Celebrated gardener, author and TV presenter Monty Don is dividing gardeners with his views on planting daffodils this year.
He told viewers that due to the record high temperatures this hot, dry summer and drought conditions – with hosepipe bans still in place across much of the UK – the conditions just weren’t right to plant daffodil bulbs in the ground.
Hard ground causing daffodil planting problems
Speaking on an episode of the BBC show Gardeners' World from Longmeadow, his own two-acre garden near Leominster in Herefordshire, UK, Monty Don said that at this time of year he would 'normally' be planting spring bulbs such as daffodils into the long grass, ready to carpet the ground in springtime with glorious banks of color.
However, he admitted that the ground is still too hard, despite recent bouts of rain: 'There is no way I could get a bulb into the ground. The ground is still like iron.'
When to plant
Monty Don's fellow TV gardener, Alan Titchmarsh, has even been known to plant his daffodils as early as August, if conditions allow. 'If you have ever speared an underground daffodil bulb with an errant fork in August you will have noticed that it has already started to put out roots,' he says.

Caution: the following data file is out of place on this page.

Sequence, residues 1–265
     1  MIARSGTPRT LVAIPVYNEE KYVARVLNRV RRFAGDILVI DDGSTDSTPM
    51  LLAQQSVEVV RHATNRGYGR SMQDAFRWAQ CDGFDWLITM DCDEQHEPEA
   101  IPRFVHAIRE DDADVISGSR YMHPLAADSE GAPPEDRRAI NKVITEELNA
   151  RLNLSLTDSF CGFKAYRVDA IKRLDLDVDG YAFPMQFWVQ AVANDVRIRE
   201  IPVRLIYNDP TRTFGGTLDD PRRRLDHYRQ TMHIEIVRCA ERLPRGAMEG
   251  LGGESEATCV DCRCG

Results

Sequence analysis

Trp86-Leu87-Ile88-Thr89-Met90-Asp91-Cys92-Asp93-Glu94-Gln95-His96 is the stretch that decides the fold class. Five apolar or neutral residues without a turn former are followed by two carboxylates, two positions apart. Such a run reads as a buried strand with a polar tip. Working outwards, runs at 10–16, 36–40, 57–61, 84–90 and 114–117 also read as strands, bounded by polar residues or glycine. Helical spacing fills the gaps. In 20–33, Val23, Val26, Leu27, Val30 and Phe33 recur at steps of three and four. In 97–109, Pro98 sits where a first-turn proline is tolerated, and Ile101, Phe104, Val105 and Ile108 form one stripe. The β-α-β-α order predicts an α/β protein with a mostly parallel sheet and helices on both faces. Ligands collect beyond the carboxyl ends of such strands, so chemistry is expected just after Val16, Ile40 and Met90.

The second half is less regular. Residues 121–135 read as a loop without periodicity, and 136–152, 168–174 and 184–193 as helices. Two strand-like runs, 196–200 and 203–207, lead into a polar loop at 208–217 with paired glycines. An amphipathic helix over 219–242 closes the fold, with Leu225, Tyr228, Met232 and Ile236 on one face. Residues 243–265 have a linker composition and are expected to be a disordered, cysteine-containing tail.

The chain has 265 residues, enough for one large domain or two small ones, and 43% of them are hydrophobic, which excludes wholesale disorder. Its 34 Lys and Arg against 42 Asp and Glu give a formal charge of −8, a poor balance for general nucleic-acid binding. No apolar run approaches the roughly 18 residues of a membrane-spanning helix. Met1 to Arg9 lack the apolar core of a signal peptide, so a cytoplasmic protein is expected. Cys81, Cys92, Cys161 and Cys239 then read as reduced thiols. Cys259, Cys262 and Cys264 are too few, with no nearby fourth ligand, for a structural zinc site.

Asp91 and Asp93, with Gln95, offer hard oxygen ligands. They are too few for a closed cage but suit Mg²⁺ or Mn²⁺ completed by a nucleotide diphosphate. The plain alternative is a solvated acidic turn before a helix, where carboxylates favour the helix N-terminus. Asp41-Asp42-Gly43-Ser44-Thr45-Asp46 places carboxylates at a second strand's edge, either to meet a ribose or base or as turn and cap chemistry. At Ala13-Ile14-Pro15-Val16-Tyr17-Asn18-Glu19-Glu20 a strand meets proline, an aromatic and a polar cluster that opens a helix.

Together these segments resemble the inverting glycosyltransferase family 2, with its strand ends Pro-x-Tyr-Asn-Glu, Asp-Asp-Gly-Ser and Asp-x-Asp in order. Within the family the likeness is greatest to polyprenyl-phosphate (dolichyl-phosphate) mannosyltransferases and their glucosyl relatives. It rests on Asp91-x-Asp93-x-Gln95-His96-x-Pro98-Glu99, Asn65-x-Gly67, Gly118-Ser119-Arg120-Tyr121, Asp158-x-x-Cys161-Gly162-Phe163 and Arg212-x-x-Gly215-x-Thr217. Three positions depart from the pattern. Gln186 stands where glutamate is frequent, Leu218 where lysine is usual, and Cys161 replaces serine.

'That’s nature’s way of reminding you that the sooner you get them in the ground the better. Don’t worry. If you don’t plant them until September or even October, it is not the end of the world. But the sooner you can get them in the ground the better, provided that the earth is not dust-dry and as hard as nails.'
Plenty of time left for planting
In the US, Dutch bulb expert Ben Rotteveel at Dutch Grown offers reassurance if you’re worrying about daffodil planting.
'Daffodils are one of the easiest flower bulbs to grow and will thrive in most regions of North America,' he says. 'Just try to plant them when the soil is starting to cool down in the fall; they will need two to four weeks to settle in before the soil freezes. As a general rule, you can plant daffodil bulbs from September to December, as long as it isn’t too cold.'
If you're eager to make a start on your spring displays, follow Monty Don's lead and focus on planting up your daffodils in spring containers instead while you wait for more rain to arrive to help soften the ground.
Jayne Dowle is an award-winning gardening, homes and property writer who writes for publications including Sunday Times Home, Times Bricks & Mortar, Grand Designs, House Beautiful and The Spectator. She was awarded the Garden Journalist of the Year accolade at the Property Press Awards in 2021.
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